Mid Pines Golf Club Review: Examining the restoration
24 Sep 2013
by Benjamin Larsen of AmateurGolf.com

see also: Mid Pines Inn & Golf Club, All Course Reviews

SOUTHERN PINES, N.C. --- It’s a tricky scenario but one we in the golf industry see time and time again. The restoration.

Restoring a course is, in many instances, a necessity. But it’s also a tall task blending the new while retaining the old.

In the case of the Mid Pines Golf Club, which underwent a major restoration earlier this year, they got it right. In fact, they nailed it.

Architect and shaper Kyle Franz began work in December of last year, rebuilding bunkers, uncovering abandoned features, replacing fairway rough and restoring original green contours. This past spring, the newly-restored greens were given a major facelift and converted to ultra-dwarf Bermuda.

The project was completed in early August and unveiled later that month when Mid Pines hosted a pair of events, including the eGolf Professional Tour. And it has opened to rave reviews in the media and by those who’ve played it.

I was fortunate enough to play the new Mid Pines in late August before a junior tour event and, while the new grass and some features were in need of some time to mature and grow, the greens and uncovered features of the restoration are simply fantastic.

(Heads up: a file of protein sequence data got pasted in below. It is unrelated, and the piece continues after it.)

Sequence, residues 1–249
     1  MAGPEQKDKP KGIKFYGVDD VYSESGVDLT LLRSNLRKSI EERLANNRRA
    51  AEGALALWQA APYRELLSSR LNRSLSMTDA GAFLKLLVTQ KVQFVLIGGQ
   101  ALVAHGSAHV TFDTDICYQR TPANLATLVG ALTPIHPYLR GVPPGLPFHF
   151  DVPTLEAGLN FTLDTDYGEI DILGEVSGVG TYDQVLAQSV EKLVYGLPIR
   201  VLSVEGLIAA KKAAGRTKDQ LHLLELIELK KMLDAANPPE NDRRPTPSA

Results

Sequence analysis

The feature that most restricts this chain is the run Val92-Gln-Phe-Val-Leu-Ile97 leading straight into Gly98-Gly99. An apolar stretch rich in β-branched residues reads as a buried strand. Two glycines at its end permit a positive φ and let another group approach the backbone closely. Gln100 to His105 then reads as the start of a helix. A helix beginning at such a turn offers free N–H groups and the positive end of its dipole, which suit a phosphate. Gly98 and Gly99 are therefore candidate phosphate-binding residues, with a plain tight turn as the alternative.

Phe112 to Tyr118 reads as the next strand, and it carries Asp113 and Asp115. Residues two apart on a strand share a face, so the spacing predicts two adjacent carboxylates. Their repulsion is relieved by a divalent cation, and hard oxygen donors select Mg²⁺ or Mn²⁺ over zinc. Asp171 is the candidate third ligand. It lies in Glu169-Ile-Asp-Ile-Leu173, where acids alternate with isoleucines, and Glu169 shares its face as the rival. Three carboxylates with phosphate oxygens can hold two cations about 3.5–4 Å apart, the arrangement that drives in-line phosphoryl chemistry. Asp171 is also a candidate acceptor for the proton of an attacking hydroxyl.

One of the keys to the project included the substitution of sandy areas and pine straw for rough. The removal of trees and addition of the sandy areas and pine allowed for the tricky Donald Ross layout to be opened up a bit while still maintaining a nostalgic and natural feel.

The sandy areas cover a large portion of the course. For a mental picture, think about the rough surrounding the tee boxes and in less-than-ideal positions off the tee and on approach shots for you at your local course. Now, replace them with sandy areas that play through the green.

There was work done to all 18 holes at Mid Pines but special attention was paid to the par-4 1st, the 437-yard par-4 3rd, which saw an extra 30 yards added with the installation of a back tee, and the par-5s, including Nos. 5 and 15, which also added yardage with a new tee area.

The notable piece to the Mid Pines restoration is the terrific job by Franz and his team to update the course to ultimately get it to the quality level of its sister course Pine Needles, which sits directly across the street, while only improving its status of a true Donald Ross original.

The routing is the same, and that’s a great thing. The greens are improved and many natural features uncovered. Indeed, the Mid Pines restoration nailed it.

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